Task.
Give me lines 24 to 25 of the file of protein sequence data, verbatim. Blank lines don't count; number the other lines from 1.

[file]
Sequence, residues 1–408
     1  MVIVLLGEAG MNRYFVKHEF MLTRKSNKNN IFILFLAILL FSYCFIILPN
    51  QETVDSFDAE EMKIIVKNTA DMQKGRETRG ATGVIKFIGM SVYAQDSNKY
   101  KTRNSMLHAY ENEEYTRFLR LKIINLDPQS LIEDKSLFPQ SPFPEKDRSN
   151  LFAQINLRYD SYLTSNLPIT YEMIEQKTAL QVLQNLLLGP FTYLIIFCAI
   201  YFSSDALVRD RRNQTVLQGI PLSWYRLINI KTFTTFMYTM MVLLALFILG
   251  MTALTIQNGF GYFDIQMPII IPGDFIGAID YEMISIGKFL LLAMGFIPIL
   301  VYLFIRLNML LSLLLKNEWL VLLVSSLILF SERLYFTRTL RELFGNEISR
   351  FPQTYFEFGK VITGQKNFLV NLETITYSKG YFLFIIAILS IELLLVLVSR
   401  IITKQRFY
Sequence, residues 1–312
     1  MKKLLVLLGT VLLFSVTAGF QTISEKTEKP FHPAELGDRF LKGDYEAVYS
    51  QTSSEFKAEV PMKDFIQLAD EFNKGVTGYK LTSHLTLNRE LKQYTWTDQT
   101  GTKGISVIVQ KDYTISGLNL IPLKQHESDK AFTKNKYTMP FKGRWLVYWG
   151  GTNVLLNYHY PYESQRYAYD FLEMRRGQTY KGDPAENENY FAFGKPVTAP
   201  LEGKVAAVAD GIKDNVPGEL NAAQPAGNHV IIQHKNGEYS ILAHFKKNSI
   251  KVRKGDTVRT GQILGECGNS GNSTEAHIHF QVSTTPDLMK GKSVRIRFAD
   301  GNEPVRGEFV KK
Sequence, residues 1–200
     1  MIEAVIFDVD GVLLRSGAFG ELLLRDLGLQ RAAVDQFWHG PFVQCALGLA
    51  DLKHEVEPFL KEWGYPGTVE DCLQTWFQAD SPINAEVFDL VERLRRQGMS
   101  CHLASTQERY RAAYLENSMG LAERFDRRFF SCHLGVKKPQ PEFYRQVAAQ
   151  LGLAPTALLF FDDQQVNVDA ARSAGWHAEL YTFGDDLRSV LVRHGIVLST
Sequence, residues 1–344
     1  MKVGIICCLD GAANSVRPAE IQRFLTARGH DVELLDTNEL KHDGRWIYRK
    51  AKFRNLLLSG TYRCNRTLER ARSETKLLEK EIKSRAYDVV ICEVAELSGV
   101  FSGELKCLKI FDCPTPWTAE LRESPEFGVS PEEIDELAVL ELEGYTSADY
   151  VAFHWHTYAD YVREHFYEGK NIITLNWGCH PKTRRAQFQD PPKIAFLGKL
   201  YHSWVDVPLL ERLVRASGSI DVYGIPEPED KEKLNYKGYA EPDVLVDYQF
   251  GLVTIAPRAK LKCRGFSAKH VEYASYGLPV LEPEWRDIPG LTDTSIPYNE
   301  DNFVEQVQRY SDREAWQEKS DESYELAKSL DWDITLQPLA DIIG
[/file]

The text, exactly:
Sequence, residues 1–344
     1  MKVGIICCLD GAANSVRPAE IQRFLTARGH DVELLDTNEL KHDGRWIYRK